I am studying Biology and I specialise in Ecology; more specifically Evolutionary Ecology. I always dreamed to travel the world and to discover new species like Darwin did. During my studies I found that evolutionary processes all play a role when it comes to specialisation, and I learned about the many spectacular examples from nature. "Co-evolution", where two different types of evolution guide each other, has always fascinated me. I therefore looked to do my thesis in this direction, and I ended up at the Department of Biosystematics.
My research focused on the evolution of Rinorea (Violaceae), a particular genus, as a food plant for Cymothoe (Nymphalideae), a butterfly genus that occurs only in tropical Africa. The caterpillars of these butterflies seem to be very specialized, since many species are monophagous: one kind of Cymothoe only occurs on one kind of Rinorea. The question is: why? And how can these butterflies distinguish between different types of Rinorea ? The idea is that the diversity of Rinorea species in evolutionary history has ensured the emergence of a niche in which various types of Cymothoe could arise and specialize on a certain Rinorea food plant.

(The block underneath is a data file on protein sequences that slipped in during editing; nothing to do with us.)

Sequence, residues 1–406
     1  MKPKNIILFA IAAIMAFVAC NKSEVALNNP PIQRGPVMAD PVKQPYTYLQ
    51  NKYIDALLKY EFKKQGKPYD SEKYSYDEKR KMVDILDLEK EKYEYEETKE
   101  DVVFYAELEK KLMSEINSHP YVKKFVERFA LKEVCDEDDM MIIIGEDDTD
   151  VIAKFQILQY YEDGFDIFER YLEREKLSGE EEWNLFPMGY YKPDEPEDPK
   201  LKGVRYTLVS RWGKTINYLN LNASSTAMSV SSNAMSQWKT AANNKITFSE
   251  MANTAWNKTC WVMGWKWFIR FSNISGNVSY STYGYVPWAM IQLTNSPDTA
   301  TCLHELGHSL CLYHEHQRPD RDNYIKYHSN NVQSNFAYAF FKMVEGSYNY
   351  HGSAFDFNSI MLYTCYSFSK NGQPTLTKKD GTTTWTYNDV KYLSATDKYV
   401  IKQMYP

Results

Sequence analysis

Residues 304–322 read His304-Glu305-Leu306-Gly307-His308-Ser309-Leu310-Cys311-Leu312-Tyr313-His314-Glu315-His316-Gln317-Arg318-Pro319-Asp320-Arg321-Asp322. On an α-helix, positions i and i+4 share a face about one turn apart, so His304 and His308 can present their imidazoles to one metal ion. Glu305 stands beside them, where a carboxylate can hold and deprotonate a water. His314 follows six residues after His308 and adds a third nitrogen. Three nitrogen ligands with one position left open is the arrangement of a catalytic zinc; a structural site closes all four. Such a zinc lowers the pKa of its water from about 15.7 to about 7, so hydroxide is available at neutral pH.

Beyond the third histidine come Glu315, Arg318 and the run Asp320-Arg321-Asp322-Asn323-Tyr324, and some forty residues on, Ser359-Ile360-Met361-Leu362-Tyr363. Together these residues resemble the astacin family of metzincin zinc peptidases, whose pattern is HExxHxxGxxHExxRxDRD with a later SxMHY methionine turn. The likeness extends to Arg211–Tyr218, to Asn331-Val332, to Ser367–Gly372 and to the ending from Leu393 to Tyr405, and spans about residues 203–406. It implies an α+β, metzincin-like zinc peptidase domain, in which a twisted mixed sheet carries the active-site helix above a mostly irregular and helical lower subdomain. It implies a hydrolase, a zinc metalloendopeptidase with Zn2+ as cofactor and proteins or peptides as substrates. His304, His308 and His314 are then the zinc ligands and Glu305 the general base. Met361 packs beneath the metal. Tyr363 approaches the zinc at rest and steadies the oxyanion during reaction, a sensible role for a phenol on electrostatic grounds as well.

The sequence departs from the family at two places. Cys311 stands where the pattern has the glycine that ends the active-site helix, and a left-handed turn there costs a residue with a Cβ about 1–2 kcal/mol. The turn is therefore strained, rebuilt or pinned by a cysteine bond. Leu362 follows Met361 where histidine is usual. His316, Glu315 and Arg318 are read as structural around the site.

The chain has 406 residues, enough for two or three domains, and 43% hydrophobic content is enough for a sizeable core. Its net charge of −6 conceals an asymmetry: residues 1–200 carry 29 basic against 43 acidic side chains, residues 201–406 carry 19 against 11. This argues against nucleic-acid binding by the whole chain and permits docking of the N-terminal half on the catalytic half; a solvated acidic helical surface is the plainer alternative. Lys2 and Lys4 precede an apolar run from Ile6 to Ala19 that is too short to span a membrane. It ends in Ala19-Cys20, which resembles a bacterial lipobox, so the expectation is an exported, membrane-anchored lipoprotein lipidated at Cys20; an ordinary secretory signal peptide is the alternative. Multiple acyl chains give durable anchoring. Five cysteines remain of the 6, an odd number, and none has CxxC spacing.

For this thesis I have done fieldwork in Ghana. With a butterfly net and a plant press I went into the jungle to collect samples. I then processed those samples back in the lab in Wageningen. In order to determine the evolutionary history, you can compare certain parts in the DNA, so-called genes, by making a phylogenetic tree. I looked for useful genes in the DNA of the Rinorea plants, and worked with complicated software to design a phylogenetic tree , from which I could read the evolutionary history.
The best part of this thesis was the combination of fieldwork, lab work and analysis. Doing research is challenging, because you study something in depth to be able to understand this small thing thoroughly. All aspects of it. You cannot overlook anything, which would give you an incorrect result. That is a challenge. And when you're walking through the jungle and the sun rises, when you are clammy with sweat and it is swarming with mosquitoes, then you realize you're alive and what you are doing it all for: to understand that life and to preserve it. Because if we do not know how species arise and evolve, we can never predict how species will respond to climate change, for example.